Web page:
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Q = 0.84 1 70 0.9 60 0.8 Number of Best Presets, in % 0.7 50 0.6 40 0.5 30 0.4 0.3 20 0.2 10 0.1 0 T = 2.28

0.86 0.870.88

**Subpixel Motion Estimation
**

0.92 0.93 1.06

1.19

Q = 1.19

1 4 5 6

1.65 1.311.15

0.88

0.84 Relative Time

0.55

0.42

T = 0.42

Picture 23. Lambda Presets Analysis of Option Subpixel Motion Estimation.

Q = 0.84 1 80 0.9 0.8 70 Number of Best Presets, in % 0.7 60 0.6 0.5 50 0.4 40 0.3 30 0.2 0.1 20 0 T = 2.28

0.86 0.870.88

Mixed References

0.92 0.93 1.06

1.19

Q = 1.19

off on

1.65 1.311.15

0.88

0.84 Relative Time

0.55

0.42

T = 0.42

Picture 24. Lambda Presets Analysis of Option Mixed References.

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Q = 0.84 60 1 0.9 58 0.8 56 Number of Best Presets, in % 0.7 54 0.6 52 0.5 50 0.4 48 46 0.3 44 0.2 42 0.1 40 0 T = 2.28

0.86 0.870.88

Weighted Prediction

0.92 0.93 1.06

1.19

Q = 1.19

off on

1.65 1.311.15

0.88

0.84 Relative Time

0.55

0.42

T = 0.42

Picture 25. Lambda Presets Analysis of Option Weighted Prediction.

Options Analysis

Conclusions from resulted above charts are shown in the table below. Note that we consider 10% of the best presets for this analysis (see Picture 16). These conclusions can become incorrect if we strongly change this amount. Any value of λ (ratio of relative encoding time to bitrate, for details see Parameter λ in glossary) correspond just one optimal preset on the chart, i.e. just one optimal time and bitrate. Below we will consider only time value, but imply not only time value, but corresponding bitrate value and value of λ simultaneously. Table 9. List of Lambda Analysis Results. Option 1. Partitions --partitions x Preset • “none” Comments If time value greater than 1.31 (31% slower than default preset) the optimal value is “all”. If time value belongs to a range [0.85, 1.31] the best value is “p8x8,b8x8,i8x8,i4x4”. When time value smaller than 0.85 value “none” should be used. Line “none” has maximum at time 0.55. It means that for the value “none” is better to use when intending to encode in speed approximately twice faster than default x264 preset. For the value “p8x8,b8x8,i8x8,i4x4” the optimal time approximately equals to 0.88. Line according to a value “all” has maximum at time 2.28 (extreme value). It means that for value “all” is more preferable that the time will be greater. Presets without B-frames are not optimal at a chosen 10% of the best presets. Usage of 2 and 4 B-frames does not significantly differ but 2 B-frames are slightly better. It is more preferable for value 0 that the encoding time will be smaller. With the value “2” and “4” is

• “all”

• p8x8,b8x8,i8x8,i4x4”

2. B-Frames --bframes n

•0

•2

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•4 3. Reference Frames --ref n •1 •4

better to use at encoding time approximately equals to 0.88. Presets with 8 reference frames are not optimal at a chosen 10% of the best presets. If time is lower 1.31 than the best value is “1”. Else the value “4” is more preferable. Value “1” should be used at encoding time approximately equals to 0.84. The optimal encoding time for 4 reference frames approximately equals to 1.65. Presets with “tesa” ME algorithm are not optimal at a chosen 10% of the best presets. The optimal value at time value greater than 1.31 is “umh”. If time belongs to a range [0.85, 1.31] the best value is “hex”. When time value smaller than 0.85 value “dia” should be used. It is more preferable for value “dia” that the speed will be greater. With the value “hex” is better to use at an encoding time approximately equals to 1.15. It is more preferable for values “umh” and “tesa” than the speed is as small as possible. Presets with subme 5 are not optimal at a chosen 10% of the best presets. At time value greater 1.31 the optimal value is 6. If time belongs to a range [0.55, 1.31] the best value is 4. When time value is smaller than 0.55 the value 1 is more preferable. It is more preferable for value 1 that the speed will be greater. With the values 4 and 5 are better to use at an encoding time approximately equals to 0.55. It is more preferable for value 6 than the speed will smaller. At time value greater 1.15 the optimal value is “on”. Else the value “off” is more preferable. For the value “off” the optimal encoding time approximately equals to 0.84. It is more preferable for value “on” than the speed will be smaller. At time value greater 0.42 the optimal value is “on”. Else the value “off” is slightly more preferable. Values “on” and “off” does not significantly differ at time value smaller 0.42. It is slightly more preferable for value “off” than the speed will be higher. For the value “on” the optimal encoding time approximately equals to 0.88.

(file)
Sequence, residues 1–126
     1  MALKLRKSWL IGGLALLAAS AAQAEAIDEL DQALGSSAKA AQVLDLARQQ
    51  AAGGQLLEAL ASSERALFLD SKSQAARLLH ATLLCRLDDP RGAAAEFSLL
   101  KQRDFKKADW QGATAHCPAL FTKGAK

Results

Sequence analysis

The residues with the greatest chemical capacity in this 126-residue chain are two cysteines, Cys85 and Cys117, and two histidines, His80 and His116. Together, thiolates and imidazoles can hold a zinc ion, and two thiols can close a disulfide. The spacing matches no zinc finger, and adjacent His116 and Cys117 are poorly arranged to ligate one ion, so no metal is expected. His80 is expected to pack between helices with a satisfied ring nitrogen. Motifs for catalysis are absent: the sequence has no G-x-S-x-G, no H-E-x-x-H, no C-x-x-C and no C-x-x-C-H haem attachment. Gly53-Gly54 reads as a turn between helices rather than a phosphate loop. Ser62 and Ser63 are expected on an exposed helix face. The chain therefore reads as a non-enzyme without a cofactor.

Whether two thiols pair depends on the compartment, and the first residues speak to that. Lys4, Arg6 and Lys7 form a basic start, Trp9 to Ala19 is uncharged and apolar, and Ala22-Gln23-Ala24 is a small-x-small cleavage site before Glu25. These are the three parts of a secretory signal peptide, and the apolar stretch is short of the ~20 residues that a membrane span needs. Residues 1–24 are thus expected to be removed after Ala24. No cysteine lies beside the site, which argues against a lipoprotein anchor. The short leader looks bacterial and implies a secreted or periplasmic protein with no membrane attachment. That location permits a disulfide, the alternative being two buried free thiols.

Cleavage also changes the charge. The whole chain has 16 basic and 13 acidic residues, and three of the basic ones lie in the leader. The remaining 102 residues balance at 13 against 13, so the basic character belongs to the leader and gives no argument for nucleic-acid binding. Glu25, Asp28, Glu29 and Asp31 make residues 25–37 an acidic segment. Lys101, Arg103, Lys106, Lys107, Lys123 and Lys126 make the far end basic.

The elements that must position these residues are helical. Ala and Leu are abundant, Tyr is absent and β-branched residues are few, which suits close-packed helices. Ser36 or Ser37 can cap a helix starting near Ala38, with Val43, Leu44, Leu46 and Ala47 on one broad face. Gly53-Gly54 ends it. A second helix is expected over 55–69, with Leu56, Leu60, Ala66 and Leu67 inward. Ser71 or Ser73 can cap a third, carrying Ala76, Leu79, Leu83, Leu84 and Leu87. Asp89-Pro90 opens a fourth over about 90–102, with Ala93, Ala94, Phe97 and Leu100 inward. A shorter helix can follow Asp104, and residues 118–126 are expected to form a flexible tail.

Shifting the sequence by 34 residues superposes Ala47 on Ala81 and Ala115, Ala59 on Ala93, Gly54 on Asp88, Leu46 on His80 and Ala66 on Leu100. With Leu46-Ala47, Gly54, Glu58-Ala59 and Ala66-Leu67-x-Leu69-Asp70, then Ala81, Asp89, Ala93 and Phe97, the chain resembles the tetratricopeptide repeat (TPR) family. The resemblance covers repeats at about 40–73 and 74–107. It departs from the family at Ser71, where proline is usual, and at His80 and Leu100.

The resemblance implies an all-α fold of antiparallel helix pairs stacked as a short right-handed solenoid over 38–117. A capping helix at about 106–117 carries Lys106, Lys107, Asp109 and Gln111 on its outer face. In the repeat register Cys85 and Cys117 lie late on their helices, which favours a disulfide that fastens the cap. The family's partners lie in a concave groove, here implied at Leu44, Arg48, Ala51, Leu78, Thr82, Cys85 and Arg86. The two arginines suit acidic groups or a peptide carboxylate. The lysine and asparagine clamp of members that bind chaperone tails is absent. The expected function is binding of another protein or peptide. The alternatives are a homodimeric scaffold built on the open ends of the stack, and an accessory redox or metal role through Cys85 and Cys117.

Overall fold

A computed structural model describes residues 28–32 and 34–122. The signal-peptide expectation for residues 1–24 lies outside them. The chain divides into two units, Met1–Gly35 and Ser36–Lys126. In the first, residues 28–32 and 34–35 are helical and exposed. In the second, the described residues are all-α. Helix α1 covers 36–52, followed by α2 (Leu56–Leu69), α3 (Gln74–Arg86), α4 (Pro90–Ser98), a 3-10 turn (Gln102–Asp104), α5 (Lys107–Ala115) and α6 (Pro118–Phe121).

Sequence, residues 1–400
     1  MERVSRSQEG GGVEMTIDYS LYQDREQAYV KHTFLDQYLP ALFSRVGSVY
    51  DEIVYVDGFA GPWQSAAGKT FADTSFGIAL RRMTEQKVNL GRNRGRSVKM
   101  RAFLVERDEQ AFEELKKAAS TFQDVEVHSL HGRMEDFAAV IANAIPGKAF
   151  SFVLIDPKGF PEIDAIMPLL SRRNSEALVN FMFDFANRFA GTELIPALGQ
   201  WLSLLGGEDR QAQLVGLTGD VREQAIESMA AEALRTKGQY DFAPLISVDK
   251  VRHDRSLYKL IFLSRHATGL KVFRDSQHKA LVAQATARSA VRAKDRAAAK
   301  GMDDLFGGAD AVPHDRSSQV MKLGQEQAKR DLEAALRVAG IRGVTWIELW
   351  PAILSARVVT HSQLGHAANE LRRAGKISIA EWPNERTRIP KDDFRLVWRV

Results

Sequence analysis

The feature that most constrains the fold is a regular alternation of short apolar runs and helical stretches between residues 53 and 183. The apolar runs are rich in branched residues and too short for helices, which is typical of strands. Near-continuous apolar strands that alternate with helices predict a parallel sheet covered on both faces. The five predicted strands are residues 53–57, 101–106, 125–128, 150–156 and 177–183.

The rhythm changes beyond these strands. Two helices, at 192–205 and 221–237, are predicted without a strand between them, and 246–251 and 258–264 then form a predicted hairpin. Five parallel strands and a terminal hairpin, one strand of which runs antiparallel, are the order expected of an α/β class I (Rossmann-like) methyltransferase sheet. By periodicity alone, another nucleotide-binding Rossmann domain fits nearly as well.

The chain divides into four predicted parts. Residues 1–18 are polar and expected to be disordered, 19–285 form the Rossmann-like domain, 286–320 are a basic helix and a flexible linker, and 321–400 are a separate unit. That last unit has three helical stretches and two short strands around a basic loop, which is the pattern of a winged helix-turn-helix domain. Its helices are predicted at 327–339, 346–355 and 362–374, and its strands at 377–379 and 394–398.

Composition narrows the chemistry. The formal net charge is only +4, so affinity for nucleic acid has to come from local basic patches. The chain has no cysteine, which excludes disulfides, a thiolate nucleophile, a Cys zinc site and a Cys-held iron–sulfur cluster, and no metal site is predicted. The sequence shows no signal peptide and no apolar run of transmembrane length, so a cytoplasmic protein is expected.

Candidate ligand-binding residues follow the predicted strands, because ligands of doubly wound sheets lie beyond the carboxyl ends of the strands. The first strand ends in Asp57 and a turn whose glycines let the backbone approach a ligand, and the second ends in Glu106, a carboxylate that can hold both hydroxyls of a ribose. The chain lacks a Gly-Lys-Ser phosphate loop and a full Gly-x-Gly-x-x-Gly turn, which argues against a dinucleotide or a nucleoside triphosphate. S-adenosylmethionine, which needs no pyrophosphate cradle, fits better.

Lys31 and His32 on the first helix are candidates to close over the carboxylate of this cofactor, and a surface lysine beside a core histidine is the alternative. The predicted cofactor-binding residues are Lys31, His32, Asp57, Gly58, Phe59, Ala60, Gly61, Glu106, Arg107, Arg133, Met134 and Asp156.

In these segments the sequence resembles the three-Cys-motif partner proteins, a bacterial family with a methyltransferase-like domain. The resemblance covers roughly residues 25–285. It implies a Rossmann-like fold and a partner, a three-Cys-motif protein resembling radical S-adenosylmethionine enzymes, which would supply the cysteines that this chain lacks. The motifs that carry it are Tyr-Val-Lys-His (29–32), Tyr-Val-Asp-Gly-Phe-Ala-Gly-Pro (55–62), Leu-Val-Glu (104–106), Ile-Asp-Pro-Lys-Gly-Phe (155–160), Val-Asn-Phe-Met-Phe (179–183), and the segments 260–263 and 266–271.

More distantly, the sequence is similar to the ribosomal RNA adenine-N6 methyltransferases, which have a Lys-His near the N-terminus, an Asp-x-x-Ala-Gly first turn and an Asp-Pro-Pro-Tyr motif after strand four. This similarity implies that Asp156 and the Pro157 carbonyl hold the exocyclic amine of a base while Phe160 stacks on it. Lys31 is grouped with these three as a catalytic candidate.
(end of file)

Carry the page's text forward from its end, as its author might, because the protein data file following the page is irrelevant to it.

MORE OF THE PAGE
•8 4. Motion Estimation Method --me x

• “dia” • “hex” • “umh” • “tesa”

5. Subpixel Motion Estimation --subme n

•1 •4 •5 •6

6. Mixed References --mixed-refs

• off

• on 7. Weighted Prediction --weightb

• off

• on

Summary •

• • • Using 0 B-frames, 8 reference frames, “tesa” ME algorithm and subme value 5 are not optimal at a chosen 10% of the best presets. Usage of 2 and 4 B-frames does not significantly differ but 2 B-frames are slightly better. Weighted prediction does not significantly differ quality end encoding time. Results of analysis based on lambda show the following tables.